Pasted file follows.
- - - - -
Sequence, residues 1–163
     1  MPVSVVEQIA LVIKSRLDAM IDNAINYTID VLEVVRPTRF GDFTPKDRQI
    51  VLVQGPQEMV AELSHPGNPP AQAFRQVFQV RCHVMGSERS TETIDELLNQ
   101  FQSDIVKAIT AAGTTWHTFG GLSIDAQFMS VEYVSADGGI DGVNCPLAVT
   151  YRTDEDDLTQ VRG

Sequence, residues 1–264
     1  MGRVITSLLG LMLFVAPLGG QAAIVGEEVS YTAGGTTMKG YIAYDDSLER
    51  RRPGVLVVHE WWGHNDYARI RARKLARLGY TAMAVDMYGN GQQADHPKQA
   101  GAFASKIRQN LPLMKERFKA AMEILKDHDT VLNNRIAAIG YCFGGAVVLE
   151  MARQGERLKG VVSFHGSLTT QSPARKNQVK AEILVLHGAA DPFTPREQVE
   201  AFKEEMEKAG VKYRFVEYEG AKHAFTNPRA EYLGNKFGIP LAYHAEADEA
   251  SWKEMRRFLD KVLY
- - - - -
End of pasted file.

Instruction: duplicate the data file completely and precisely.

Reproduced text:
Sequence, residues 1–163
     1  MPVSVVEQIA LVIKSRLDAM IDNAINYTID VLEVVRPTRF GDFTPKDRQI
    51  VLVQGPQEMV AELSHPGNPP AQAFRQVFQV RCHVMGSERS TETIDELLNQ
   101  FQSDIVKAIT AAGTTWHTFG GLSIDAQFMS VEYVSADGGI DGVNCPLAVT
   151  YRTDEDDLTQ VRG

Sequence, residues 1–264
     1  MGRVITSLLG LMLFVAPLGG QAAIVGEEVS YTAGGTTMKG YIAYDDSLER
    51  RRPGVLVVHE WWGHNDYARI RARKLARLGY TAMAVDMYGN GQQADHPKQA
   101  GAFASKIRQN LPLMKERFKA AMEILKDHDT VLNNRIAAIG YCFGGAVVLE
   151  MARQGERLKG VVSFHGSLTT QSPARKNQVK AEILVLHGAA DPFTPREQVE
   201  AFKEEMEKAG VKYRFVEYEG AKHAFTNPRA EYLGNKFGIP LAYHAEADEA
   251  SWKEMRRFLD KVLY